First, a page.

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First assessment of the plant phenology index (PPI) for estimating gross primary productivity in African semi-arid ecosystems

Abdi, A. M. LU ; Boke-Olén, N. LU ; Jin, H. LU ; Eklundh, L. LU ; Tagesson, T. LU ; Lehsten, V. LU and Ardö, J. LU (2019) In International Journal of Applied Earth Observation and Geoinformation 78. p.249-260
Abstract


The importance of semi-arid ecosystems in the global carbon cycle as sinks for CO
2
emissions has recently been highlighted. Africa is a carbon sink and nearly half its area comprises arid and semi-arid ecosystems. However, there are uncertainties regarding CO
2
fluxes for semi-arid ecosystems in Africa, particularly savannas and dry tropical woodlands. In order to improve on existing remote-sensing based methods... (More)


The importance of semi-arid ecosystems in the global carbon cycle as sinks for CO
2
emissions has recently been highlighted. Africa is a carbon sink and nearly half its area comprises arid and semi-arid ecosystems. However, there are uncertainties regarding CO
2
fluxes for semi-arid ecosystems in Africa, particularly savannas and dry tropical woodlands. In order to improve on existing remote-sensing based methods for estimating carbon uptake across semi-arid Africa we applied and tested the recently developed plant phenology index (PPI). We developed a PPI-based model estimating gross primary productivity (GPP) that accounts for canopy water stress, and compared it against three other Earth observation-based GPP models: the temperature and greenness (T-G) model, the greenness and radiation (GöR) model and a light use efficiency model (MOD17). The models were evaluated against in situ data from four semi-arid sites in Africa with varying tree canopy cover (3–65%). Evaluation results from the four GPP models showed reasonable agreement with in situ GPP measured from eddy covariance flux towers (EC GPP) based on coefficient of variation (R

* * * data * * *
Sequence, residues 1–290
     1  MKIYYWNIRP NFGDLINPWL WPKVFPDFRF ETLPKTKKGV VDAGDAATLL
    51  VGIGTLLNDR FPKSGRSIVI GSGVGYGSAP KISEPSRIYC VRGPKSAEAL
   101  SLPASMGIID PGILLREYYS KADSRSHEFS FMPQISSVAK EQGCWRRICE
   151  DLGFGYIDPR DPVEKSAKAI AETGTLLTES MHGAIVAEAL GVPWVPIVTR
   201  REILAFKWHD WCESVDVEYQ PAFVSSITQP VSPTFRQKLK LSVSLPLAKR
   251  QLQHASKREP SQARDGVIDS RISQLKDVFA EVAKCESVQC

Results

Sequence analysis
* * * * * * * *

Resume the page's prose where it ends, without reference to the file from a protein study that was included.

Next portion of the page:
2
), root-mean-square error (RMSE), and Bayesian information criterion (BIC). The GöR model produced R
2
= 0.73, RMSE = 1.45 g C m
−2
d
−1
, and BIC = 678; the T-G model produced R
2
= 0.68, RMSE = 1.57 g C m
−2
d
−1
, and BIC = 707; the MOD17 model produced R
2
= 0.49, RMSE = 1.98 g C m
−2
d
−1
, and BIC = 800. The PPI-based GPP model was able to capture the magnitude of EC GPP better than the other tested models (R
2
= 0.77, RMSE = 1.32 g C m
−2
d
−1
, and BIC = 631). These results show that a PPI-based GPP model is a promising tool for the estimation of GPP in the semi-arid ecosystems of Africa.

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author
organization
publishing date
type
Contribution to journal
publication status
published
subject
keywords
Drylands, Eddy covariance, FLUXNET, GPP, Gross primary productivity, Land surface temperature, LST, MODIS, Plant phenology index, PPI, Semi-arid, Vapor pressure deficit, VPD
in
International Journal of Applied Earth Observation and Geoinformation
volume
78
pages
12 pages
publisher
Elsevier
external identifiers
  • scopus:85062888348
ISSN
1569-8432
DOI
10.1016/j.jag.2019.01.018
language
English
LU publication?
yes
id
29b684b8-7638-4bb6-b4c2-9bfc81300c40
date added to LUP
2019-03-21 08:44:48
date last changed
2019-03-21 08:44:48
@article{29b684b8-7638-4bb6-b4c2-9bfc81300c40,
  abstract     = {<p><br>
                                                         The importance of semi-arid ecosystems in the global carbon cycle as sinks for CO                             <br>
                            <sub>2</sub><br>
                                                          emissions has recently been highlighted. Africa is a carbon sink and nearly half its area comprises arid and semi-arid ecosystems. However, there are uncertainties regarding CO                             <br>
                            <sub>2</sub><br>